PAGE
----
Grain markets on the Chicago Board of Trade remained strong last week, but soybeans lost ground Jan. 24. March corn futures gained 20 cents for the week, and made a new high Jan. 24 at $6.211⁄2. This was slightly higher than the high of a few days ago, and a good positive sign of bullish enthusiasm.
Soybeans, meanwhile, gained 441⁄2 cents on the March contract last week, and 321⁄4 cents on the November contract. In the process, we made a new March futures high Jan. 20 at $14.291⁄2 and a new November futures high at $13.25 the same day.
Divergence came Jan. 24, when nearby corn futures gained almost a nickel and December futures gained two and one quarter cents. Soybeans, however, went the other way, with March futures closing down 111⁄4 cents and November futures off 83⁄4 cents.
Corn futures have continued to be supported by cash fundamental. Currently, focus is on good exports and a strong ethanol grind, although the ethanol margins have declined.
Encouraging export news includes the fact that there have been regular shipments to China on the contracts already made. Some have speculated that the contracts might not be fully completed, but indications are that the Chinese will fulfill them.
There is some speculation that current high internal Chinese prices will support additional sales and an increase in the U.S. Department of Agriculture estimate of exports.
Soybeans have been supported by the weather problems in Brazil and Argentina that were seen to hurt the current soybean crops. In fact, encouraging rains were experienced over the last week, but the market is convinced that the soybean crops as a whole will suffer net losses for the year.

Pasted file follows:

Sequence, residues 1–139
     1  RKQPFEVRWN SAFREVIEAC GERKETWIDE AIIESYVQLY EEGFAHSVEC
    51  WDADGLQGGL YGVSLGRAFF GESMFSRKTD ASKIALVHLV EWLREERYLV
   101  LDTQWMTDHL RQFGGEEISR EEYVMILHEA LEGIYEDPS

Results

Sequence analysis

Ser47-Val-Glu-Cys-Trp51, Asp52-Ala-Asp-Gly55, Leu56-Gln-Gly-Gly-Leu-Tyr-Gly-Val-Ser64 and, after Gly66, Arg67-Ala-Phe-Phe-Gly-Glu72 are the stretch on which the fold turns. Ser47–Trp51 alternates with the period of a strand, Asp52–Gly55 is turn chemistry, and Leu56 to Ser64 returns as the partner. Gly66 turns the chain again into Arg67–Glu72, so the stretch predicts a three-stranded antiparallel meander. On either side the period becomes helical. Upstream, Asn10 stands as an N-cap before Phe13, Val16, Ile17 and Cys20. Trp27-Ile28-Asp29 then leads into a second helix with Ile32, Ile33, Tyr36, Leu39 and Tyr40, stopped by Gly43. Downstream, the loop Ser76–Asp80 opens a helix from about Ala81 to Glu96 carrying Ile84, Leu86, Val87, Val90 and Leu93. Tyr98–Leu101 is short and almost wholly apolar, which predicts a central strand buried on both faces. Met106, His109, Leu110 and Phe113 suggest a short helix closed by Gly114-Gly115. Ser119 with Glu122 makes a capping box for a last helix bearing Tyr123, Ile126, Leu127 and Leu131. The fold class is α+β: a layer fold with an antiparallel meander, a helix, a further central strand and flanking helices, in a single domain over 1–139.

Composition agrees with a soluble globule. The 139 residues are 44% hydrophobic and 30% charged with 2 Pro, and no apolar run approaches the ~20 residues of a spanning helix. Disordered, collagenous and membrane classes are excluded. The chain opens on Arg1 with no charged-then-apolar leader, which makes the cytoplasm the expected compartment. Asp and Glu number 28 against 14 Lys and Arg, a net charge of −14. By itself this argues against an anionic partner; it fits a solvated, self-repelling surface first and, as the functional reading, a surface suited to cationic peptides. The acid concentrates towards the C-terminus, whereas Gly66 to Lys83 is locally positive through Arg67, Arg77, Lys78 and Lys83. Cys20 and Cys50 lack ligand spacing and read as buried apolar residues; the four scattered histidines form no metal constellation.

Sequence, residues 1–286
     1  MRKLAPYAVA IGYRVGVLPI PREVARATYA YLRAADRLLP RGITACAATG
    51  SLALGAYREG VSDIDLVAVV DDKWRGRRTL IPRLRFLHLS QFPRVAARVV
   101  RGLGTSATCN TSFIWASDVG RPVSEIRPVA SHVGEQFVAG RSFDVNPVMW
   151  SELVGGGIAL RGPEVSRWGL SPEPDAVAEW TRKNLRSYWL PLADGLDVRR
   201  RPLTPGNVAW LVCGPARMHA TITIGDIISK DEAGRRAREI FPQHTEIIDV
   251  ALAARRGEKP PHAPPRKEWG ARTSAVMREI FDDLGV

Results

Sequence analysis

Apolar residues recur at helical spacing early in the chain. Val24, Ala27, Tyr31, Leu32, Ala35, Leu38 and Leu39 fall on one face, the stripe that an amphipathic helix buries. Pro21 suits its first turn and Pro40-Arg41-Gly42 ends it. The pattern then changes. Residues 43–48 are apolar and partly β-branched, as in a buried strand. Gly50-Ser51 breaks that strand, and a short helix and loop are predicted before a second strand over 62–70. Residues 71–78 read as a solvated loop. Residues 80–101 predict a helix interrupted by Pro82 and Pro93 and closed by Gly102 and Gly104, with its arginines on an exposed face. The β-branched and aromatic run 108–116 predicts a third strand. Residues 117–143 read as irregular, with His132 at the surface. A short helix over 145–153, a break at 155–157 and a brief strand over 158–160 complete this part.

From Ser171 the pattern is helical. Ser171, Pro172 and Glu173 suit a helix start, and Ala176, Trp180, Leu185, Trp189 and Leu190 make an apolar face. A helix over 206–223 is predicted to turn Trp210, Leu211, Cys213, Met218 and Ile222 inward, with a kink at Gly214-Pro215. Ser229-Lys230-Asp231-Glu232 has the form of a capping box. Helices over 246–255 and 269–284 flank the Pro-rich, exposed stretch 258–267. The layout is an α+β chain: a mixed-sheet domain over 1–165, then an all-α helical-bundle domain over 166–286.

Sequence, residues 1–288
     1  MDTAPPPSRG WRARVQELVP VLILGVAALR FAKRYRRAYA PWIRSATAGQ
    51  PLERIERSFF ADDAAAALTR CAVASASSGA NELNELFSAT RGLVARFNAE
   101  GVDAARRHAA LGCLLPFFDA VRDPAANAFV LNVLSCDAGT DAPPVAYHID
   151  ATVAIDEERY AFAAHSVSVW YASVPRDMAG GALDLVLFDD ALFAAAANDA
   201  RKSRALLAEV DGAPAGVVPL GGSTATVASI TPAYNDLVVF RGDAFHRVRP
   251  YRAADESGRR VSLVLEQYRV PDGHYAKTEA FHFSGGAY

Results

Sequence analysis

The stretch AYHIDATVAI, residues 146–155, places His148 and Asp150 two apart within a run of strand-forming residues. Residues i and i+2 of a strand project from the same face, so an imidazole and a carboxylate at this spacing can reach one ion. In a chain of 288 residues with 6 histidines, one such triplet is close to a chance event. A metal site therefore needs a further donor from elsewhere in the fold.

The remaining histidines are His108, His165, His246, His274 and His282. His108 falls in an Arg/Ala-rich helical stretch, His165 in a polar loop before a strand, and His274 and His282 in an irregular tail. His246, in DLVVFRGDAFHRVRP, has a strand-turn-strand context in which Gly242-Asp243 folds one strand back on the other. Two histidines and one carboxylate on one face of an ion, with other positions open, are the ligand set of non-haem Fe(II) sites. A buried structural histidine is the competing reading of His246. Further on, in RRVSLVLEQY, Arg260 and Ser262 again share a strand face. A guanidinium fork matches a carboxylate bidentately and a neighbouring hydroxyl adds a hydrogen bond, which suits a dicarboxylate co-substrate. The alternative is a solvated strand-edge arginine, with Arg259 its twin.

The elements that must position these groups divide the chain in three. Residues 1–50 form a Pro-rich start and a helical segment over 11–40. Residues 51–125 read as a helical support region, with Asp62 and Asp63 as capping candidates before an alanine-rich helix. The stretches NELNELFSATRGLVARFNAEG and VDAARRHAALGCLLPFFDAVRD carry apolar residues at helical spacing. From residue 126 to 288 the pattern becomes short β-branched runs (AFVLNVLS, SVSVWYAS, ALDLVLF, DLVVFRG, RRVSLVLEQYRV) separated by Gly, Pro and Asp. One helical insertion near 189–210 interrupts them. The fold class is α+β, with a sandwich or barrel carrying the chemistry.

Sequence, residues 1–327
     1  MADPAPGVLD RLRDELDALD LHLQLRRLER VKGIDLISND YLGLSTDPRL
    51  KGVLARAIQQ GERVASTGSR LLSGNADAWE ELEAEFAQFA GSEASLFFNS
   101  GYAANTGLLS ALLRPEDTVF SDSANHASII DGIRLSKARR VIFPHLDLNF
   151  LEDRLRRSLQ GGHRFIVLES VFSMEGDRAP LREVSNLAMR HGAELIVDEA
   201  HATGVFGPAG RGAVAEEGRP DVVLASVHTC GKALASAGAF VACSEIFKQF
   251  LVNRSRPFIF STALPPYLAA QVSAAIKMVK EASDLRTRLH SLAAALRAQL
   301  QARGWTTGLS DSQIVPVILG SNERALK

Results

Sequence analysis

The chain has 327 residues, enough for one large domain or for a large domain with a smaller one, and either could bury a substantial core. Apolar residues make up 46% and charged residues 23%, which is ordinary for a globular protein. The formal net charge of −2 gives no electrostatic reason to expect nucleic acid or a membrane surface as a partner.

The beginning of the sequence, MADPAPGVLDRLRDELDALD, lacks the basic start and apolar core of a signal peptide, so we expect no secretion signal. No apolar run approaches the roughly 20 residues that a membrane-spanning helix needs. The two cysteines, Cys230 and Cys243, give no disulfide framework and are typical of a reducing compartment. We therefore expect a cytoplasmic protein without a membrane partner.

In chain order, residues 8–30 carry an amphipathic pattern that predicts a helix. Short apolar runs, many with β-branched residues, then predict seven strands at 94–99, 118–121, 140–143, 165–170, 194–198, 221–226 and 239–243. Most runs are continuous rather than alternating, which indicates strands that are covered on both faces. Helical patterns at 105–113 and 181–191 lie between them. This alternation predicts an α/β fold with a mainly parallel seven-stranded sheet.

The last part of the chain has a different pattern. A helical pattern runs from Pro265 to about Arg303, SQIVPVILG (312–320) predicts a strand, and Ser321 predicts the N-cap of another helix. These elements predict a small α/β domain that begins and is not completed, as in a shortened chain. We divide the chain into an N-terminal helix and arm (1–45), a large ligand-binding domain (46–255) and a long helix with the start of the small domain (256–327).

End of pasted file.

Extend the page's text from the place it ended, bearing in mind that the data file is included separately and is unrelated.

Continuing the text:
The little hitch Jan. 24 may be just some profit taking, or it may be a reaction to current forecasts for more rain, or we may look back and say that was our last great chance to sell. Certainly, the prices the last few days have been catch-up opportunities for any producers not heavily sold on the 2022 crop.
Even as we have been carefully watching the corn and soybean markets, the wheat markets had gone through a three-week slide that was looking more like a trend change and less like a correction. This week, we finally saw a rally firm the markets up.
Chicago futures were up 38 cents. This kind of rebound after big losses can just represent some profit taking from the bearish side, so it can indicate a return to some fundamental.
The biggest fundamental talked about this week was the dry conditions in the Southern Plains. We are told the area is dry enough that damage has been done, but there is some squeamishness when it comes to putting money behind the drought.
It is an old axiom that the winter wheat crop is killed several times every winter, whether from lack of snow cover in cold weather or drought. In fact, a good rain right now would have traders talking about good crops again.
Time to sell?
The wheat marketing reactive plan is similar to the corn and soybean marketing. For those who have been reluctant to sell this early, this is the big second chance to talk yourself into it.
For those who want to see the crops well along, it is still January. This should be seen as a good catch-up opportunity if your habits and experience allow you to sell the crop before you plant it.
I am in the “sell the crop” group, but not necessarily with the wheat. In Northeastern Ohio, it is so easy to get quality problems with excessive rains in early summer that promote disease problems. This is a problem one year in three — that means there is more risk than I like, and it is impossible to tell which of the three years this is!
I talk to farmers regularly who never sell until the crop is in the bin, and if they do this every year, it is a plan hard to argue against.
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